DA lodges charges against 2 in slaying near Glenwood
GLENWOOD SPRINGS — Prosecutors on Wednesday filed charges including first-degree murder after deliberation against Carbondale-area resident Fredy Cabrera, and a magistrate advised him he would face life in prison without parole or even the death penalty if convicted of that charge.
The 9th Judicial District Attorney’s Office also brought charges of conspiracy to commit first-degree murder and being an accessory to a crime against Josue Joya, 20, in the case.
The two are accused in connection with the July 31 fatal shooting of Douglas Menjivar near Glenwood Springs. Menjivar’s girlfriend, and Cabrera’s stepdaughter, Leydy Trejo, was shot and wounded.
Joya is accused of having driven Cabrera to the scene.
Cabrera, 39, who owns the El Horizonte restaurants in Glenwood Springs and Carbondale, turned himself in the day after the shooting at the Mesa County Sheriff’s Department. He is being held without bond at Garfield County Jail. Joya is being held in lieu of a $250,000 bond.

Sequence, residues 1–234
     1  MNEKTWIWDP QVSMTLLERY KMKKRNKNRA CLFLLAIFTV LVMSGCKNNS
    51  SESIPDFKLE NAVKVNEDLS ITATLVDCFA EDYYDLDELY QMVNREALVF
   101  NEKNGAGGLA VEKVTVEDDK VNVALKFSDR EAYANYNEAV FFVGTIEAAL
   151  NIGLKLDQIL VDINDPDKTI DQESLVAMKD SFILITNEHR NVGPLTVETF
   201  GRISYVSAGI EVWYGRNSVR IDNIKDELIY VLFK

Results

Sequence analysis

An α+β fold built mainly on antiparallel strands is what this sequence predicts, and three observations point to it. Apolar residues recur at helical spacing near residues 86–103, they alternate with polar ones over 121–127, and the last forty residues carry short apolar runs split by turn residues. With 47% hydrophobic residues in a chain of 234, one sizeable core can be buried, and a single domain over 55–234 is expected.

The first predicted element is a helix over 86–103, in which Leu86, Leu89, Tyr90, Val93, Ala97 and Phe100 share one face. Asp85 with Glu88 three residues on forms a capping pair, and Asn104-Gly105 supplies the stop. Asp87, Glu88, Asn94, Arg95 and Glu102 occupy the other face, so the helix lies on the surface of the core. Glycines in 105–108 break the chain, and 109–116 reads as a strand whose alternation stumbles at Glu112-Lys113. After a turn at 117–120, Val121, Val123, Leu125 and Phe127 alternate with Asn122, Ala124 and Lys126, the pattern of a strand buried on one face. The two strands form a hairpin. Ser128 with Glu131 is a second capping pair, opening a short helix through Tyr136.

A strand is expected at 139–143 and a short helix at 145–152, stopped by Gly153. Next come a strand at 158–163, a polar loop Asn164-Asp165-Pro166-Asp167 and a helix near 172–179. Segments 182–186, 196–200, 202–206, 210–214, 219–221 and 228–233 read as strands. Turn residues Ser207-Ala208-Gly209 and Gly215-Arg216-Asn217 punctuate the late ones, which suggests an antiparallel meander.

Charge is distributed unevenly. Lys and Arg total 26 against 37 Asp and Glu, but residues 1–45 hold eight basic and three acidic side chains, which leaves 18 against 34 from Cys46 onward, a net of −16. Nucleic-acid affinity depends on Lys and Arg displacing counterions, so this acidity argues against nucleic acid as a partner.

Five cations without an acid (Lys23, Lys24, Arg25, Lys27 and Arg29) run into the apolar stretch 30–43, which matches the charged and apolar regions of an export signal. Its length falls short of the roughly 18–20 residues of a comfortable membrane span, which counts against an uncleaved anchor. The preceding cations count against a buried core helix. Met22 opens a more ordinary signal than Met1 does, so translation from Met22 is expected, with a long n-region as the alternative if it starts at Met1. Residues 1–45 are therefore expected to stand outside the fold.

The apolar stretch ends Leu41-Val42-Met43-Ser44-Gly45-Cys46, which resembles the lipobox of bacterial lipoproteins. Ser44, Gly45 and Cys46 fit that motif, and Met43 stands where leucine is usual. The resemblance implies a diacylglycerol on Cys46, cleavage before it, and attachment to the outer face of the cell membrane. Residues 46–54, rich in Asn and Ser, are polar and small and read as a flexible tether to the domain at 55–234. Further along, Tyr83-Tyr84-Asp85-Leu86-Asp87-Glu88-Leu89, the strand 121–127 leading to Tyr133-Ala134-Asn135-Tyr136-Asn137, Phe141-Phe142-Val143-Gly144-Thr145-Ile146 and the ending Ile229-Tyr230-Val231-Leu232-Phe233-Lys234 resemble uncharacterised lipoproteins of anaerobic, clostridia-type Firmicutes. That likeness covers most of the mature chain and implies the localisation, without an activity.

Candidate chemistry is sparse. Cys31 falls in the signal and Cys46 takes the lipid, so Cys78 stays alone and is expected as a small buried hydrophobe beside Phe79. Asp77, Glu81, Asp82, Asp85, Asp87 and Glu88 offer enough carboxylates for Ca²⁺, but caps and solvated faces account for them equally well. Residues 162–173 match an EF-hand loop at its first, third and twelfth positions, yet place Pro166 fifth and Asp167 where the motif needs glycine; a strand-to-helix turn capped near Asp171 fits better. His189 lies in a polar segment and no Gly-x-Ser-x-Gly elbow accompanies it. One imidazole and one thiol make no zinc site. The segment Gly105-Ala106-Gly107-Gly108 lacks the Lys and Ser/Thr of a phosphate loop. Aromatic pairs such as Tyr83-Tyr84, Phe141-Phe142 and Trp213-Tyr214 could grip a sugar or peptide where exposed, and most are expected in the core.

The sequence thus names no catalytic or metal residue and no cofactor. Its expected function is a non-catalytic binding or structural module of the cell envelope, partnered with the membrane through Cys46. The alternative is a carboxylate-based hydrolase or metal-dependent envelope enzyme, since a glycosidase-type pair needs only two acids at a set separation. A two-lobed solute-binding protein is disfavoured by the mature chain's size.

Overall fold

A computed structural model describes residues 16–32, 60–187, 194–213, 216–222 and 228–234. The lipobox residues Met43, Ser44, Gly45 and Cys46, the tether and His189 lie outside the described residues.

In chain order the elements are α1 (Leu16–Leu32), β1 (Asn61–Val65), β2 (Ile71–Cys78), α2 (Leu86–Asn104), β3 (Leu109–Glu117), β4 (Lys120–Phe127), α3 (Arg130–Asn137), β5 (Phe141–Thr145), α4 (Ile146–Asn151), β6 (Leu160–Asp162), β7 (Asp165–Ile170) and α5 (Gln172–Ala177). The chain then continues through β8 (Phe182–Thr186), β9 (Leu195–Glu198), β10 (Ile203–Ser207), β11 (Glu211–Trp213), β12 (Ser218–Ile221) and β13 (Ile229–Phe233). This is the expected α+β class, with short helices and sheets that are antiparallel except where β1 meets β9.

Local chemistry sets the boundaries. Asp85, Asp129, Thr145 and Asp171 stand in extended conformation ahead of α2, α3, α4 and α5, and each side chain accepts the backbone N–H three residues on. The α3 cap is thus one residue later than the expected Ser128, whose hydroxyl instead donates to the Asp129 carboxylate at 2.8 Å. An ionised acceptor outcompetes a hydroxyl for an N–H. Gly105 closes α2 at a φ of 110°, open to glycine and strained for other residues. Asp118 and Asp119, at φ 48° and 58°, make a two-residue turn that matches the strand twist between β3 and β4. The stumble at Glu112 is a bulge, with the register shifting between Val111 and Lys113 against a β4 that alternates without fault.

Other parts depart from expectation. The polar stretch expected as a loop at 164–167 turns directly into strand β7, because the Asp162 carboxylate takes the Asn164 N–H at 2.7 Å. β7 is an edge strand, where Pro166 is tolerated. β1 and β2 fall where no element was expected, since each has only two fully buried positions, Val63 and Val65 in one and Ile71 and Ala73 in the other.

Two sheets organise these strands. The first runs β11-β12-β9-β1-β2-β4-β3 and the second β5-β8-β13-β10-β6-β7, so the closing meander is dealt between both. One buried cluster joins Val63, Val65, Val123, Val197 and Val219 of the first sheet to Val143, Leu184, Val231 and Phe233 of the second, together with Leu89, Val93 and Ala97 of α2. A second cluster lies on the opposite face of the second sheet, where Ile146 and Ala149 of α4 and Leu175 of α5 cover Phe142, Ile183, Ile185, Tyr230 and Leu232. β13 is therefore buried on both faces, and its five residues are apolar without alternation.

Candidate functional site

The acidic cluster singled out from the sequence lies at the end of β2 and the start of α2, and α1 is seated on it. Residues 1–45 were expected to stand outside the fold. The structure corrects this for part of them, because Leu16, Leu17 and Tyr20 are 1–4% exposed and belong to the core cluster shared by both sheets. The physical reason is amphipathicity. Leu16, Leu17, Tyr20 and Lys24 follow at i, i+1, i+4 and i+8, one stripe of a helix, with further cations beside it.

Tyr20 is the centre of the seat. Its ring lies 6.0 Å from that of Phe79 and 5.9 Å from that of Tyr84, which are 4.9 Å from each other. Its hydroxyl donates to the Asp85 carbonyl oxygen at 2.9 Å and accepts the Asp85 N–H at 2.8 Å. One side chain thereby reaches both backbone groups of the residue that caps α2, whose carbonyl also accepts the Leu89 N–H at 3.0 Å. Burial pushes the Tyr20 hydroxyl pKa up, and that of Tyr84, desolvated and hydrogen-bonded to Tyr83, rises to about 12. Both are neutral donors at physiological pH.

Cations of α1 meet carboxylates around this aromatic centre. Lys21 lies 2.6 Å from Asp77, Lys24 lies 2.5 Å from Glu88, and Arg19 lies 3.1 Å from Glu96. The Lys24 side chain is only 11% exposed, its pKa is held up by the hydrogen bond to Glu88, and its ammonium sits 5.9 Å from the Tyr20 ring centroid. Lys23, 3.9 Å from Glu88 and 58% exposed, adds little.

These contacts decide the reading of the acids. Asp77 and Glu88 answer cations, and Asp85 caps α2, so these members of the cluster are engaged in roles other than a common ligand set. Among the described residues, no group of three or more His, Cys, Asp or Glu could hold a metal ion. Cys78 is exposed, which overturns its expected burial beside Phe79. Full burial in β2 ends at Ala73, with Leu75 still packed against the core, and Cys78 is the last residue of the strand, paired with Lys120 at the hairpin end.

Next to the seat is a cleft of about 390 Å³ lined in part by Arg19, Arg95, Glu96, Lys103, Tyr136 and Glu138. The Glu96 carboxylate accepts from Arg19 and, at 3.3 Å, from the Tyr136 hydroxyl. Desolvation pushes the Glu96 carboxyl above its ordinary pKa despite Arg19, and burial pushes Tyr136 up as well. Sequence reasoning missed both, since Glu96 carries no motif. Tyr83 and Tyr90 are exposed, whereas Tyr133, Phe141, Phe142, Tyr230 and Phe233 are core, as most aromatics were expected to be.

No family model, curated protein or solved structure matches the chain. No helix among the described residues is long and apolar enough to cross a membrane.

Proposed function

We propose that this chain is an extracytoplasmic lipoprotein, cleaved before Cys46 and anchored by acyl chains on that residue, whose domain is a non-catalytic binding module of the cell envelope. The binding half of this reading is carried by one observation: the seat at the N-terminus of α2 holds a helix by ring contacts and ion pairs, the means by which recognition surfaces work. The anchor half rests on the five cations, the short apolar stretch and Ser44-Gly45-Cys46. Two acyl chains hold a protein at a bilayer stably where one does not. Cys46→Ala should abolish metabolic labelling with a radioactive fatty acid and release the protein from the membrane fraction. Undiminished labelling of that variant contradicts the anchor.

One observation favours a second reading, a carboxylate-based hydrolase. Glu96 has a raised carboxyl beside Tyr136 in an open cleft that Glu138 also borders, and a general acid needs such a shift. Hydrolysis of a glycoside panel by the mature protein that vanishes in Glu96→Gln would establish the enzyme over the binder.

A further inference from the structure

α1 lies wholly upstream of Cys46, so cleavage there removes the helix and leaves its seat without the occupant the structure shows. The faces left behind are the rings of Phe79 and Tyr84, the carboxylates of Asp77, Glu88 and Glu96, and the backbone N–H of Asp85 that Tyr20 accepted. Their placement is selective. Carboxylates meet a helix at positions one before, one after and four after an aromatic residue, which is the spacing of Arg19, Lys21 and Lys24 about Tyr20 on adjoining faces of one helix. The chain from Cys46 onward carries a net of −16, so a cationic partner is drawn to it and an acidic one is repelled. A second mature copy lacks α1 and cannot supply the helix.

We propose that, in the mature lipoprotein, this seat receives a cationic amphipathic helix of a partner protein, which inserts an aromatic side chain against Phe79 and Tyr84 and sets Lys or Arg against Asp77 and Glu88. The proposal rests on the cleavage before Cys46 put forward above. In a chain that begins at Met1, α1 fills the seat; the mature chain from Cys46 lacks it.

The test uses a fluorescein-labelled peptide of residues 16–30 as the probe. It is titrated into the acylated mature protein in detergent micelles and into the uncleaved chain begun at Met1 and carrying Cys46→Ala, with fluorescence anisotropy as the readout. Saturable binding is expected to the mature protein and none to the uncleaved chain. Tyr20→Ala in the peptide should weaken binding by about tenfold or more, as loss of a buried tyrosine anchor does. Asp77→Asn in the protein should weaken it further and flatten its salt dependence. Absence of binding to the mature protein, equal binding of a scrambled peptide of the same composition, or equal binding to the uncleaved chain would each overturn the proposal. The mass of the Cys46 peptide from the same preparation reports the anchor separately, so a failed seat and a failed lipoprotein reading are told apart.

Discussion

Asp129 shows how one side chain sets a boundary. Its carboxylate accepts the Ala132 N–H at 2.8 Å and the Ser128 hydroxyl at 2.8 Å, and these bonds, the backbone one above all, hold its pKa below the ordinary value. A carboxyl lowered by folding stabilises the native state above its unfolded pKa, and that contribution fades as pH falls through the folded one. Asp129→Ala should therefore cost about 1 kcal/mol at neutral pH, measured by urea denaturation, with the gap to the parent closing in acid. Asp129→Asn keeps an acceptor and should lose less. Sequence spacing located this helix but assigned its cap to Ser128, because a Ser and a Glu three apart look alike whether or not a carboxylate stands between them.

Cabrera’s public defense team had waived his right to be advised of the charges against him and the potential punishment.
“But I am not going to waive it,” Magistrate Holly Strablizky said before informing Cabrera of possible penalties that could include death.
Days after the shooting, 9th District Attorney Sherry Caloia said she hadn’t had much time to think about it but it was unlikely she would pursue the death penalty in the case.
In a separate hearing before Judge Denise Lynch on Wednesday, deputy public defender Tina Fang cited those comments, and others, by Caloia in seeking limits on what statements prosecutors and law enforcement officials can make ahead of the trial. Fang worries that pretrial media coverage could be prejudicial against Cabrera.
Lynch ordered officials to follow professional rules of conduct. But she also told Fang, “I will note a lot of the press is coming from your client’s own family talking to the press, so you may want to talk to them, too.”
Joya could face up to 24 years in prison, or as much as 48 years in the case of exceptional circumstances, if convicted on the conspiracy charge.
He is awaiting court appointment of alternate counsel because public defenders are representing Cabrera and want to avoid a conflict of interest. Lynch ruled Wednesday that Cabrera can continue to receive free representation because his assets aren’t easily convertible to cash to pay attorneys, and he owes more on homes he owns than they are worth.